Feeds

Scottish brainiacs erect wee super-antenna

Putting intelligence into the aerial

Secure remote control for conventional and virtual desktops

A spinout from Edinburgh University is touting a mobile-phone antenna smart enough to aim at the nearest base station, and small enough to squeeze into the slimmest smartphone.

The technology was developed at Edinburgh University by a trio including one professor and a PhD student, backed with £450,000 from the Scottish Enterprise, who've spent six years getting the technology right and are now looking for someone to license the idea.

The antenna design was spun out unto a company called Sofant back in October last year, with the University remaining a shareholder, but Sofant now has a working prototype which is capable of directing the transmitted signal towards the nearest base station - hugely reducing the power required as well as improving reception.

Making radio signals directional is very helpful, but hard to do when one end of the transmission keeps moving. "Beam forming" is the answer, and very much in vogue at the moment. Wi-Fi access points happily track multiple devices as they move around an office, and satellites can create multiple spot beams from orbit, sometimes even on the same frequency, aimed at the receiving station to increase capacity as well as reducing the required transmission power.

Size comparison

It's small, but is it small enough?

But fitting the same tech into a mobile phone is much harder. Mobile phones aren't isotropic (they don't transmit equally in all directions), as they use antennas designed to avoid radiating up and down (something worth remembering if one is using a headset with the phone resting on a desk), but Sofant takes that much further by actively directing the transmitted signal.

To do that it needs clever software, and a chip upon which to run it – compared to current antennas which are generally printed onto the circuit board. The question, therefore, is if the Sofant design can save more energy than would be supplied by a battery occupying the same space, something phone manufacturers around the world will no doubt be evaluating over the next few months. ®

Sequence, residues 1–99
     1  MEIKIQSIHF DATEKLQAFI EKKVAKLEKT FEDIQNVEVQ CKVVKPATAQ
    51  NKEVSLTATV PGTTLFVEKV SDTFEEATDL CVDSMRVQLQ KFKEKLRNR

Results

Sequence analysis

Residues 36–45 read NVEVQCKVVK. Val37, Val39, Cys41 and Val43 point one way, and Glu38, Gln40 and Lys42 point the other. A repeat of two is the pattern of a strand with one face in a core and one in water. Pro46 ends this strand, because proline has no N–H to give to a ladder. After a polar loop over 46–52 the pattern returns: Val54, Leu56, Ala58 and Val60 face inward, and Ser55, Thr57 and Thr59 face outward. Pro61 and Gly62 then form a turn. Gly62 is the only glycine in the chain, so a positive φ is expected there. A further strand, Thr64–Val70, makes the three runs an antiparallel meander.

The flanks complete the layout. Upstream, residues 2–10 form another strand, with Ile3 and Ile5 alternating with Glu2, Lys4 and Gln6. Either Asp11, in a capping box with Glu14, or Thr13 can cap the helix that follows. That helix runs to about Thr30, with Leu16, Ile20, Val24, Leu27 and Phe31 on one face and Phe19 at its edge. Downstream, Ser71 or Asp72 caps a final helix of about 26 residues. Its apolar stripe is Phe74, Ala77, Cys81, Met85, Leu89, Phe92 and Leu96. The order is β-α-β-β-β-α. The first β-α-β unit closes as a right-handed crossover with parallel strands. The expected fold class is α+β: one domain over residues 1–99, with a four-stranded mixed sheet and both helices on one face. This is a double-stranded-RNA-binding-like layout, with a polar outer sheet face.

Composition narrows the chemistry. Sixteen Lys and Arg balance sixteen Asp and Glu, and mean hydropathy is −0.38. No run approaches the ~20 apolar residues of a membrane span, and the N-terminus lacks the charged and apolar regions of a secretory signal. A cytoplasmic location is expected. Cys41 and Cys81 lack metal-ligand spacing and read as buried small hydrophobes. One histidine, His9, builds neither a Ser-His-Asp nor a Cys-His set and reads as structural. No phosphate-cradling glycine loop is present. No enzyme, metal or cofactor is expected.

Secure remote control for conventional and virtual desktops

More from The Register

next story
SCREW YOU, Russia! NASA lobs $6.8bn at Boeing AND SpaceX to run space station taxis
Musk charging nearly half as much as Boeing for crew trips
Boffins say they've got Lithium batteries the wrong way around
Surprises at the nano-scale mean our ideas about how they charge could be all wrong
Thought that last dinosaur was BIG? This one's bloody ENORMOUS
Weighed several adult elephants, contend boffins
Europe prepares to INVADE comet: Rosetta landing site chosen
No word yet on whether backup site is labelled 'K'
India's MOM Mars mission makes final course correction
Mangalyaan probe will feel the burn of orbital insertion on September 24th
Cracked it - Vulture 2 power podule fires servos for 4 HOURS
Pixhawk avionics juice issue sorted, onwards to Spaceport America
City hidden beneath England's Stonehenge had HUMAN ABATTOIR. And a pub
Boozed-up ancients drank beer before tearing corpses apart
'Duck face' selfie in SPAAAACE: Rosetta's snap with bird comet
Probe prepares to make first landing on fast-moving rock
prev story

Whitepapers

Providing a secure and efficient Helpdesk
A single remote control platform for user support is be key to providing an efficient helpdesk. Retain full control over the way in which screen and keystroke data is transmitted.
Saudi Petroleum chooses Tegile storage solution
A storage solution that addresses company growth and performance for business-critical applications of caseware archive and search along with other key operational systems.
Security and trust: The backbone of doing business over the internet
Explores the current state of website security and the contributions Symantec is making to help organizations protect critical data and build trust with customers.
Reg Reader Research: SaaS based Email and Office Productivity Tools
Read this Reg reader report which provides advice and guidance for SMBs towards the use of SaaS based email and Office productivity tools.
Security for virtualized datacentres
Legacy security solutions are inefficient due to the architectural differences between physical and virtual environments.